In short, the problem is that we want universal health care. Even if you don’t believe we should implement universal healthcare, you can’t admit you don’t want it. In solving that problem, our politicians found precisely one solution (incompetence, much?) and decided to ram health insurance down everyone’s throat. Yikes. What a bad way to solve the problem. Where were the other solutions? Where was the single payer solution? Where was the free market solution? No other solution was seriously discussed. And let’s not forget that this vote was extremely one sided, meaning that the solution was not a compromise. Additionally, it’s clear there are logistical problems with this solution, like the fact that it forces you to break the abstraction of insurance by offering health insurance to folks with pre-existing conditions. There’s also the problem of forcing people to buy insurance, which is a private good. Forcing everyone to buy a private good makes for another ripe contradiction, again, by definitions, but I’ll spare you another definitions lecture. This is left as an exercise to the reader ;).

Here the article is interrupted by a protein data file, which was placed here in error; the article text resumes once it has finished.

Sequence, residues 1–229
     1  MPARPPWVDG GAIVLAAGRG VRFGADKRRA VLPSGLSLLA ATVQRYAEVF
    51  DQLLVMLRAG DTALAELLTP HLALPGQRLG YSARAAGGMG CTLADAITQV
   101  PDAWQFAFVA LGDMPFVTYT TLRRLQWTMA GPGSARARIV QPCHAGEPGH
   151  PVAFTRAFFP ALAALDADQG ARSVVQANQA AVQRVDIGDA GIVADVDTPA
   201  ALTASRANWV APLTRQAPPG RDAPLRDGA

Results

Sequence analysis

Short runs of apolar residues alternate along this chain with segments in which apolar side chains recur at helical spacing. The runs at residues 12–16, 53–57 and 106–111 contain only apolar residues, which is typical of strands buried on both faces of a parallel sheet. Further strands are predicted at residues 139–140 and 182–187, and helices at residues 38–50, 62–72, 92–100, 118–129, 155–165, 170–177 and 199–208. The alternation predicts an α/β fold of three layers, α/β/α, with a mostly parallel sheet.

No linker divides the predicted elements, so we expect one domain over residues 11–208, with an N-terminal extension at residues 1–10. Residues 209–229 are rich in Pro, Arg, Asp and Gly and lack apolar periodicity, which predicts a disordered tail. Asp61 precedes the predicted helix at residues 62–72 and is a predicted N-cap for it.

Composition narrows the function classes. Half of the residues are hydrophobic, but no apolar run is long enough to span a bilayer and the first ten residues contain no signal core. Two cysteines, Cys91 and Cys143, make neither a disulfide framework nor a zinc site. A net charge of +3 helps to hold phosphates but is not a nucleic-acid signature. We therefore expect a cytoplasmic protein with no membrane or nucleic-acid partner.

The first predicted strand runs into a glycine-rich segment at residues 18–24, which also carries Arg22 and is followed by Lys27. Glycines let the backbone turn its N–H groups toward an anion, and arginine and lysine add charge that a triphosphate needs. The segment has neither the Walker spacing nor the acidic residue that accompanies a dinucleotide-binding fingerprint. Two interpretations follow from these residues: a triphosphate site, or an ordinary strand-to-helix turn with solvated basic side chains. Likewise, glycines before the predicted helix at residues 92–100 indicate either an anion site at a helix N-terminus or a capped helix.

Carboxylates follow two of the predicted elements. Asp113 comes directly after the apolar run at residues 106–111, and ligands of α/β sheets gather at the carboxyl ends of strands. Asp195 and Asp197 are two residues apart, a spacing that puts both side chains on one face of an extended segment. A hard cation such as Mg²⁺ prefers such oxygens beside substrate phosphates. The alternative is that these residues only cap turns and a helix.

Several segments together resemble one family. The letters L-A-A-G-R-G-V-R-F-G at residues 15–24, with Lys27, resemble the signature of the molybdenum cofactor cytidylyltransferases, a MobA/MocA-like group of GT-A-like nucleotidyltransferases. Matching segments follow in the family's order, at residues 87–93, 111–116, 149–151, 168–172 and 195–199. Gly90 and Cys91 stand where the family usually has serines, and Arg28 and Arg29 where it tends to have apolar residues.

I think that there are many good ways to solve the universal healthcare problem. Personally, I’m in favor of a single payer system, but I’m willing to recognize that there are other good, viable, solutions. In particular, there’s a free market solution. Cutting costs of healthcare (by eliminating some malpractice constraints, forcing upfront/transparent pricing, having the consumer deal with insurance companies and not the hospital networks, etc), subsidizing poor people, and having health insurance be true insurance is another way of solving the universal healthcare problem. Either of these would be better than the inconsistent, malformed, illogical healthcare system we currently have.